Effect of high cholesterol diet on aortic hydroxyproline and collagen content in rabbits

Author(s): Nikhat Jamal Siddiqi, Mohamed Anwar Kasem Abdelhalim, Abdullah Salih Alhomida, Mohammed Sulaiman Al-Ayed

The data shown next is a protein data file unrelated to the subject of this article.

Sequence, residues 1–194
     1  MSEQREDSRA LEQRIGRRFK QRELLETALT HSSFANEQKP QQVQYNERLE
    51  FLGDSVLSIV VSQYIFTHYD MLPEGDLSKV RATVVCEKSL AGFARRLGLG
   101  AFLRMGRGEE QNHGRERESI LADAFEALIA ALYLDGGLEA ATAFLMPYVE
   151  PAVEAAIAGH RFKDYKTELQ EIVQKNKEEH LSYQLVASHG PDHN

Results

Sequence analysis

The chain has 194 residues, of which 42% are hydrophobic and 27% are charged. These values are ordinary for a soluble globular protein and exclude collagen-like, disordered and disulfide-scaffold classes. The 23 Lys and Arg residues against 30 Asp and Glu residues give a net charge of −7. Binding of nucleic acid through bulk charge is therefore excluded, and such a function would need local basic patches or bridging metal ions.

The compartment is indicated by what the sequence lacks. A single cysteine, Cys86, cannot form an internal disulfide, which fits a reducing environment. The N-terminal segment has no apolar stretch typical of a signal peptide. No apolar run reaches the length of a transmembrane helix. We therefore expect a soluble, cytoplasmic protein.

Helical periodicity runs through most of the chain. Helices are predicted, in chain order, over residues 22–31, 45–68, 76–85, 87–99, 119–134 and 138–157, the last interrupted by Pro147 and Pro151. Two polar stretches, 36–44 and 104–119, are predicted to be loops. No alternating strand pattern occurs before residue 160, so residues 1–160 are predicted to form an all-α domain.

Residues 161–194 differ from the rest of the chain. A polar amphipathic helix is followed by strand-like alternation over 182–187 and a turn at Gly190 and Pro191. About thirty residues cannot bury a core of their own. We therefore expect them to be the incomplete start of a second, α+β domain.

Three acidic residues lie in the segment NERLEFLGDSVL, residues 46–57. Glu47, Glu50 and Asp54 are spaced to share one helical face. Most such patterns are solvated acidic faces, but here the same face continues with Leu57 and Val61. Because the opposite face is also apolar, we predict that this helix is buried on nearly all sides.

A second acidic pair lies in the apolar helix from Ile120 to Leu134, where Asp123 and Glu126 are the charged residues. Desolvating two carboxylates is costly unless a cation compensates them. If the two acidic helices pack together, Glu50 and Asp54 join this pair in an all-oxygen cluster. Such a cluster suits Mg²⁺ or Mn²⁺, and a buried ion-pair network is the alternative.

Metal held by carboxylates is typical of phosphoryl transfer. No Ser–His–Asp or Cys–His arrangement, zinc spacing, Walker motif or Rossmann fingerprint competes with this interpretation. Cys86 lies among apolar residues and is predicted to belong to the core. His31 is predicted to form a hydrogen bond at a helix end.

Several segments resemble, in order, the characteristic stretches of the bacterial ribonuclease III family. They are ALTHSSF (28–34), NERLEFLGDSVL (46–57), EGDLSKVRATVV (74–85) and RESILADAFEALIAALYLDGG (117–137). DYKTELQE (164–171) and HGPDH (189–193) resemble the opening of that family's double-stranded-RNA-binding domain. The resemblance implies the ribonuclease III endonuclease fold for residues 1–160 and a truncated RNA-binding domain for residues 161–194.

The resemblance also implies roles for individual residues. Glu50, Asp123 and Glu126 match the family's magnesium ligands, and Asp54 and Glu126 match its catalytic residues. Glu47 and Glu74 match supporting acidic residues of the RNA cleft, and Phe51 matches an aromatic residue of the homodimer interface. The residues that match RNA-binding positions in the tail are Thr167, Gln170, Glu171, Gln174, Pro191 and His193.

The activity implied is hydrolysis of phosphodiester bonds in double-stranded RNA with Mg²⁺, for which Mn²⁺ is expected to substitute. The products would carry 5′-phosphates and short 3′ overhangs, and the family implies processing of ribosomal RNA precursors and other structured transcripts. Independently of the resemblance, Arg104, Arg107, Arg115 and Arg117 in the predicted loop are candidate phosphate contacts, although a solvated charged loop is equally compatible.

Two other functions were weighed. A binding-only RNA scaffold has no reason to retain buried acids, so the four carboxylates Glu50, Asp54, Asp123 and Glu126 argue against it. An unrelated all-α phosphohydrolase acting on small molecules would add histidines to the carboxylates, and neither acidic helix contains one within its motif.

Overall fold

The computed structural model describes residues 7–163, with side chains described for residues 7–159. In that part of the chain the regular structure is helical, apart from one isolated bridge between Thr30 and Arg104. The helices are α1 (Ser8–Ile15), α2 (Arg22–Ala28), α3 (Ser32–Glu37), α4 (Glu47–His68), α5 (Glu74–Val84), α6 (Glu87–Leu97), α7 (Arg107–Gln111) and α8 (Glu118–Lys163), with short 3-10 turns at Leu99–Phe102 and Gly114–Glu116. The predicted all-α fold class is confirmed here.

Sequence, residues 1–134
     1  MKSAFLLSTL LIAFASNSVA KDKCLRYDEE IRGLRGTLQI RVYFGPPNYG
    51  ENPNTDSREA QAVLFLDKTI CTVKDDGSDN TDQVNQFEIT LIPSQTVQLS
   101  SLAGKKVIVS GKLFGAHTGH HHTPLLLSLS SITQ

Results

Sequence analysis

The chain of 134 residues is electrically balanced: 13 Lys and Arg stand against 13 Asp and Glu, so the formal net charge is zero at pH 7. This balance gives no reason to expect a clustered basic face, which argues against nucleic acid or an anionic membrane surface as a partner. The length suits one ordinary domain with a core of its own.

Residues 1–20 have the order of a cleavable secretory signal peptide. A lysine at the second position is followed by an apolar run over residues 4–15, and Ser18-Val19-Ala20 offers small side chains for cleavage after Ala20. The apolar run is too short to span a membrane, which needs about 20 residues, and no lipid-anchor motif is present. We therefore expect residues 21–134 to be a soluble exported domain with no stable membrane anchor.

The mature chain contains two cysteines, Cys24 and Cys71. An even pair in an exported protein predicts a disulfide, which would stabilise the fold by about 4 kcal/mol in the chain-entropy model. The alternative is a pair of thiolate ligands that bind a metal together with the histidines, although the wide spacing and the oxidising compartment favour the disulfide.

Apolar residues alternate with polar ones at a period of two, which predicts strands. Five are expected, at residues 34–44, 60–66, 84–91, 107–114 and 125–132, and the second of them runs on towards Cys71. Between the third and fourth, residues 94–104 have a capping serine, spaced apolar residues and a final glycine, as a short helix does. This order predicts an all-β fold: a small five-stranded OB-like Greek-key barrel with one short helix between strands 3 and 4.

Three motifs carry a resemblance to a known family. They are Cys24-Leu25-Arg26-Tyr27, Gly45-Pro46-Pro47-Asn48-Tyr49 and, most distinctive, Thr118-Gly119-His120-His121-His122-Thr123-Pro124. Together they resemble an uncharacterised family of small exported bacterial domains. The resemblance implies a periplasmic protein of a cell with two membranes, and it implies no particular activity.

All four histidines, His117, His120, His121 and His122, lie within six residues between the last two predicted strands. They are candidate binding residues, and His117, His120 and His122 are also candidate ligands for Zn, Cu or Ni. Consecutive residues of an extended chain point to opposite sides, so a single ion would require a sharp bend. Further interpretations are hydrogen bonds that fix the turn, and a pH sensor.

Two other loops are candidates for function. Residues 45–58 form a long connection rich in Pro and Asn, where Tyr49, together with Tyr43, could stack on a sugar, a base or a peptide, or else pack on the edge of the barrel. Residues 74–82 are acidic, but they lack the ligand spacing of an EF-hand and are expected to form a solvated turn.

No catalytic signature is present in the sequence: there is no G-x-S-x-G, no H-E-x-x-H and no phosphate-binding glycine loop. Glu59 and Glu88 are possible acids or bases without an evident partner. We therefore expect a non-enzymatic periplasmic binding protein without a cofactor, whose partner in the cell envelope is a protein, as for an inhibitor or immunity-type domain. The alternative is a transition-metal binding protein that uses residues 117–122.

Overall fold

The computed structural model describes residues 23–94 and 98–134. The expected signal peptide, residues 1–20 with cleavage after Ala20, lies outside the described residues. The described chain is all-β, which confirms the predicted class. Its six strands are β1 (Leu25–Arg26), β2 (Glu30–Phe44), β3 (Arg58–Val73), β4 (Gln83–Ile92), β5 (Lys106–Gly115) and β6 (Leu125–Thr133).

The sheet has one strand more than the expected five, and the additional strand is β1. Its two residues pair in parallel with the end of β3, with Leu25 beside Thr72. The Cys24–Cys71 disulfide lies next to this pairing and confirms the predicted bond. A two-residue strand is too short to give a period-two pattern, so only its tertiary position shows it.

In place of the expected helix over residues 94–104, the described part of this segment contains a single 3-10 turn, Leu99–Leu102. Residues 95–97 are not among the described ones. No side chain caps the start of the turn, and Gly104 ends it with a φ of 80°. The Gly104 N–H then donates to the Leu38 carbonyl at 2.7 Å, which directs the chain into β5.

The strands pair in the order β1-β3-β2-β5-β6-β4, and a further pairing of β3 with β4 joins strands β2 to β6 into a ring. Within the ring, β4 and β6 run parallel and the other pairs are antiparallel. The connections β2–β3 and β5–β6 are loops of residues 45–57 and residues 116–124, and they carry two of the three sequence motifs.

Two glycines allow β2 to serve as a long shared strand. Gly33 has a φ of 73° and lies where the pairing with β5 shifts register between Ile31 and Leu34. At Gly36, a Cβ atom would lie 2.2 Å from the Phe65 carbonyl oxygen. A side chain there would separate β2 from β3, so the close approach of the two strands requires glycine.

Collagen represents the chief structural vertebral protein. The most important function of collagen is to withstand tensile stress. The aorta is one of the important sources of collagen. The present study was undertaken to investigate the effect of high cholesterol diet on the hydroxyproline fractions and collagen content in the aorta of rabbits. 12 Weeks old NewZealand white male rabbits were divided into control group and cholesterol-fed group. The control group (n=10) was fed on 100g/day of normal diet, ORC- 4 (OrientalYeast Co. Ltd., Tokyo, Japan) for 15 weeks. The cholesterol-fed groups (the experimental groups; n=15) were fed on high cholesterol and saturated fat diet of ORC-4 containing 1 % cholesterol plus 1 % olive oil (100 g/day) for periods of 5 weeks (group 1), 10 weeks (group 2) and 15 weeks (group 3). The rabbits were sacrificed after the mentioned time period and their serum was used to determine total cholesterol, low-density lipoprotein cholesterol and triglycerides. The aortae were used to determine their hydroxyproline fractions and collagen content. Feeding rabbits on high cholesterol diet caused significant increase in serumlevels of total cholesterol, low-density lipoprotein cholesterol and triglycerides. High cholesterol diet also caused a significant decrease of collagen from the aorta which was supported by histological studies.

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